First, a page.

MST allows for the monitoring of either fluorescently-labeled molecules or intrinsically fluorescent molecule /(such as proteins; the latter would be a truly label-free measurement). MST measurements are possible in any kind of buffers, even in serum, plasma, cell lysate, urine, mucus, or other environmental matrices. Data generation is fast and precise and the data output is comparable to other biophysical methods.

Typical applications

  • Hight-throughput target-ligand interaction screenings
  • Steady-state binding assay
  • Steady-state binding assay in biological liquids
  • Sandwich assays (1 target, 2 ligands)
  • Competition assays
  • Binding assays with multiple binding partners

Compatible Fluorescent Dyes

 

In order to perform fluorescence-based measurements, one of the binding partners has to be fluorescently labeled. This enables the tracking of its molecular movement along the temperature gradient. Intrinsically fluorescent proteins can be analyzed without the need for further fluorescent labeling. The same goes for any molecule that possess intrinsic fluorescence in the wavelength regions outlined in the table below.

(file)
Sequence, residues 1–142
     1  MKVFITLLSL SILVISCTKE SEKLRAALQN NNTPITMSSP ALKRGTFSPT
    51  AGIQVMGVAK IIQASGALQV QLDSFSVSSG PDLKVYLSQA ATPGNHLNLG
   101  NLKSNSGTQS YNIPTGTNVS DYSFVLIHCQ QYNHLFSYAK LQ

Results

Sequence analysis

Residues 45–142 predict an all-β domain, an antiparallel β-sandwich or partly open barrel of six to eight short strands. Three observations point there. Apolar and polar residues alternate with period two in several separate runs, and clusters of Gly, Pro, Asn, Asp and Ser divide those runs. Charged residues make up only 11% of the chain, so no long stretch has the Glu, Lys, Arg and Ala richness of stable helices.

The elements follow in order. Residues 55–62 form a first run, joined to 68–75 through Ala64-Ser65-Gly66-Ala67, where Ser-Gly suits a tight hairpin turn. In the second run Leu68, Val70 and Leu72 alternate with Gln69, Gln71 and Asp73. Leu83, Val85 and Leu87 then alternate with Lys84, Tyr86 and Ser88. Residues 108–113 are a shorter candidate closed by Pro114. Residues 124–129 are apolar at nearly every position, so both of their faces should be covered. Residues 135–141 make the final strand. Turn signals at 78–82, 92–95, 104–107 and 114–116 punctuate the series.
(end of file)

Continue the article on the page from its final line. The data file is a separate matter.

Alternatively, molecules with no intrinsic fluorescence can be labeled with fluorophors. Most commonly, the labels listed in the table below are used. 2bind offers the labeling of your target protein with all possible dyes. Another option is to fuse a potential target protein with an intrinsically fluorescent protein fluorophore such as GFP, RFP or the like.

In the case of DNA or RNA target molecules direct covalent linkage of fluorophores (e.g. Cy5) has proven well.

The following table gives an overview over the most commonly used fluorophores in MST. Please keep in mind that, in principle, every fluorophore can be used as long as its exitation and emission wavelength ranges match the ones of the fluorophores listed here.

Fluorophor Excitation (nm) Emission (nm)
BCECF 480 525
GFP 488 507
NT-495 (BLUE) 493 521
Fluorecein (FITC) 495 519
 Alexa488 495 519
 YFP 514 527
Alexa532 530 555
T AMRA 546 579
 Cy3 550 570
 RFP 555 584
 NT-547 (GREEN) 557 574
 Alexa546 560 672
 Cy5 649 670
 NT-647 (RED) 650 680
Alexa647 652 668

Label-free MST

Due to tryptophan residues in their amino acid sequence, proteins can be intrinsically fluorescent. The  intrinsic fluorescence of such protein can be used to monitor their thermophoretic movement. By that no interaction partner has to be modified and the MST assay is truly label-free.

In order to avoid background noise, it is important that only one binding partner is fluorescent in the tryptophan range.

Advantages

  • Low sample consumption (minimum of only 6 µl is required per sample)
  • Free choice of assay buffers (also biological liquids possible such as serum or cell lysate)